Nectarines

Discussion in 'Edible Gardening' started by capney, Feb 24, 2016.

  1. capney

    capney Head Gardener

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    Hi guys and gals. It was last May that I found some young growing shoots out of some large hard case seeds in my dylek composter. It was decided that they are probable nectarines. I planted them up (2 0f) and they took and grew. Moved them into large pots as they grew so fast and left them outside expecting them not to survive the winter. Well they have and are now showing spring growth and are an amazing about four foot high in less then a year!
    Question is I have no idea how to proceed with them. Pruning, feeding etc: and if they will fruit or not. They are on a south facing conservatory wall with extra light and heat reflected from the glass. Still in late pots.
    What do you think. Should I nurture them? if so how? I did have great success growing a peach tree many years ago which fruited every year after the first 7 years growing.
     
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    • pete

      pete Growing a bit of this and a bit of that....

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      I've grown Peach from seed.
      Mainly apart from some shaping I just let them get on with it.

      I do get peaches, along with bad attacks of peach leaf curl, the problem I have is the fruit is quite late ripening, in comparison to trees I've grown of know varieties.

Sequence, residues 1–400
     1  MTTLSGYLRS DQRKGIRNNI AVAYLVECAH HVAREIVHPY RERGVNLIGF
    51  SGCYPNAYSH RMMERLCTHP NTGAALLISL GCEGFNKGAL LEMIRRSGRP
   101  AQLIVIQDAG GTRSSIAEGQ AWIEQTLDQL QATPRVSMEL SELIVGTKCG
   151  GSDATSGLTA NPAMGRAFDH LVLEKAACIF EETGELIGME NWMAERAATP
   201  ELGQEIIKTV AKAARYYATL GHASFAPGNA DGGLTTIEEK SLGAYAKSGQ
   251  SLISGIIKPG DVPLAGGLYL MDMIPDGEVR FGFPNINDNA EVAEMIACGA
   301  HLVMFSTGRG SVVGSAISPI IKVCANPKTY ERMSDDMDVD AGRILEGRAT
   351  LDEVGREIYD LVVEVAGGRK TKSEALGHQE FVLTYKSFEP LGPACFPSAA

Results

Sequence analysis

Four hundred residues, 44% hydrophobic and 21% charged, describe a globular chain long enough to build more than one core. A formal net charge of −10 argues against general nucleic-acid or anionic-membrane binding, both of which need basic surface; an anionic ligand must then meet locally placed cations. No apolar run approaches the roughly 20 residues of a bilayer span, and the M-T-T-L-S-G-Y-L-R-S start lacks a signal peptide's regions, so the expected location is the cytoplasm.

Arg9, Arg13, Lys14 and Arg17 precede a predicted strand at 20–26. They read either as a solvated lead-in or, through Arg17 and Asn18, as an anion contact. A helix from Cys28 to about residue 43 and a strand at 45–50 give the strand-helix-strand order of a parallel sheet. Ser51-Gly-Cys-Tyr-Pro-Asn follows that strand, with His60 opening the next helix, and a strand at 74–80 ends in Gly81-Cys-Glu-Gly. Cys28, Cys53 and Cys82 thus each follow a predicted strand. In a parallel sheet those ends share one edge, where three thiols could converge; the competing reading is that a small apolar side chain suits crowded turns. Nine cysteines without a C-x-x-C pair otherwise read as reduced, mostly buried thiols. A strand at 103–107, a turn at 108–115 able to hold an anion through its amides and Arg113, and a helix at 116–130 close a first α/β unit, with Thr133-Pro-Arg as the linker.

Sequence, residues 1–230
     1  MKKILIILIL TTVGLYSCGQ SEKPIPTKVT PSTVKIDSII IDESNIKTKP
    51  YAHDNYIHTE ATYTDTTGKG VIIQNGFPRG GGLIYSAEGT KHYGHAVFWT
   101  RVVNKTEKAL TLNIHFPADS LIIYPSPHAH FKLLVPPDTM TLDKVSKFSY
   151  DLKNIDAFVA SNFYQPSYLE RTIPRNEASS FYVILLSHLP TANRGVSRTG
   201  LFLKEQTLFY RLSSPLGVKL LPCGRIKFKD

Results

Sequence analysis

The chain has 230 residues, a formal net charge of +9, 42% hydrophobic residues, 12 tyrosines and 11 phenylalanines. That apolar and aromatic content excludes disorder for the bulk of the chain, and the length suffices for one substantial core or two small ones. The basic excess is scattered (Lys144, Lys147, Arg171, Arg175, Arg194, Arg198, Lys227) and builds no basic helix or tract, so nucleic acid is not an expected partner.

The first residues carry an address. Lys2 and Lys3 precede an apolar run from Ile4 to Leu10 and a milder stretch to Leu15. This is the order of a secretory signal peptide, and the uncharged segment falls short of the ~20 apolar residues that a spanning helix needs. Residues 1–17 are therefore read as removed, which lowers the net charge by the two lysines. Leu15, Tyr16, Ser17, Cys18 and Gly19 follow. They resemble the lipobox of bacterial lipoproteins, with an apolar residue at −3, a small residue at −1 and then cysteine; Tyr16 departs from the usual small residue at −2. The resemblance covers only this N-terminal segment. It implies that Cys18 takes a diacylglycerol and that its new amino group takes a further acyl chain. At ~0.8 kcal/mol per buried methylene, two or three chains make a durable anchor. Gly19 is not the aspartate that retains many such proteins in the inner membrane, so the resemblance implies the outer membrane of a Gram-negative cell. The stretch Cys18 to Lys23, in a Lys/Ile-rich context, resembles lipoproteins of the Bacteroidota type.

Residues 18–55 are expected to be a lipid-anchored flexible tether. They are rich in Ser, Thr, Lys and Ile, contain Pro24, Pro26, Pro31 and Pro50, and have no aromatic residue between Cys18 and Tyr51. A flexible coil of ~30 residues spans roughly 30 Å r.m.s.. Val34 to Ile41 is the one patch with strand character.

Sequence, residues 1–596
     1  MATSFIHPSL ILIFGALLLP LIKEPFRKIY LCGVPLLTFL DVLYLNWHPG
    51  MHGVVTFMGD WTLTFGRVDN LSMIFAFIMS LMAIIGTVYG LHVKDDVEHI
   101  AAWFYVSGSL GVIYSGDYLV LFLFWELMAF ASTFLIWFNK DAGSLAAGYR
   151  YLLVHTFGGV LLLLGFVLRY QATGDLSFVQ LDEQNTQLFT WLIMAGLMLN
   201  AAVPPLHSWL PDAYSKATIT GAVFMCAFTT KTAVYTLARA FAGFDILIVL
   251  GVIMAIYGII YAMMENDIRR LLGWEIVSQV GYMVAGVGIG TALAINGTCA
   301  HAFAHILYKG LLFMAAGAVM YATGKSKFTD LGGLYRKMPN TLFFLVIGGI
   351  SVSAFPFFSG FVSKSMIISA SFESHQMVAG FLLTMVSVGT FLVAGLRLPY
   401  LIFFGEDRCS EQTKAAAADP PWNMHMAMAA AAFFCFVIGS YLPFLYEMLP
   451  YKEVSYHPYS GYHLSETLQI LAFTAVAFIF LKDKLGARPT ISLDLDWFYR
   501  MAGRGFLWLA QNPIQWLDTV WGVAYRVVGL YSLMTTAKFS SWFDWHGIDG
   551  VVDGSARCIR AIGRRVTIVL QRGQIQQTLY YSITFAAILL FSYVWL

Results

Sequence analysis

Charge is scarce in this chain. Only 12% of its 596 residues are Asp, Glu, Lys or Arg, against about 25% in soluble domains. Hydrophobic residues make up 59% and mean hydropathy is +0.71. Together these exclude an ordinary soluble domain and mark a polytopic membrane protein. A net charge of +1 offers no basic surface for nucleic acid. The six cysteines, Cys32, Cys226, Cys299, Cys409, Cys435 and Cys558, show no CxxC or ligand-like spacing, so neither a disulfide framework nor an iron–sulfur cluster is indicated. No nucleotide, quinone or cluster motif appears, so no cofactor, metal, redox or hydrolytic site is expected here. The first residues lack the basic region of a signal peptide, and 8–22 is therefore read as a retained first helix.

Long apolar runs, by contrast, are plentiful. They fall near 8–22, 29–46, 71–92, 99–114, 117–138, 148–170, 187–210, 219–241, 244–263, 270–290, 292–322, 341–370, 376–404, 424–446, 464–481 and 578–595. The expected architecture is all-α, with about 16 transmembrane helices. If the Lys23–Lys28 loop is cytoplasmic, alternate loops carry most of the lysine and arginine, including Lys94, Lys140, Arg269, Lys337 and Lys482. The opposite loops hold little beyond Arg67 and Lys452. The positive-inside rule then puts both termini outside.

• Loofah

      Loofah Well used member

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      I'm in a similar position here. I'm working on the theory of being a stone fruit that I'll go on the line of a cherry tree, ie pruning in summer. Mine gets terrible leaf curl too but I also have a pot grown one which I'm keeping under glass until much later to see if that helps
       
    • miraflores

      miraflores Total Gardener

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      Hi Capney - usually fruit trees grown from a stone, need to be grafted, in order to produce fruits within a reasonable amount of time and fruits of good size and taste. I have seen examples of "wild fruits" that taste allright, but they look small and skinny.
       
    • miraflores

      miraflores Total Gardener

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      I have found a video on grafting on a peach tree (in Italian though but it is quite clear). It is one of two, the second one is right after the first.
      In a nutshell...grafting is made between second half of August and start September.
      It is important to choose a nice gem. Cut it from its location starting from underneath, from well establish branch, sharp knife.
      Make a T cut on receiving tree, insert gem, "tie" with rubber (eventually it will come off by itself).
      The grafting is ok if the leaf will become yellow and fall by itself. If it wilth right away than it was unsuccessful.
      My guess is that for a nectarine tree it would be a similar procedure.
       
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        Last edited: Mar 7, 2016
      • Loofah

        Loofah Well used member

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        Just noticed I have a single blossom on my outside nectarine! Very unexpected as it's so young
         
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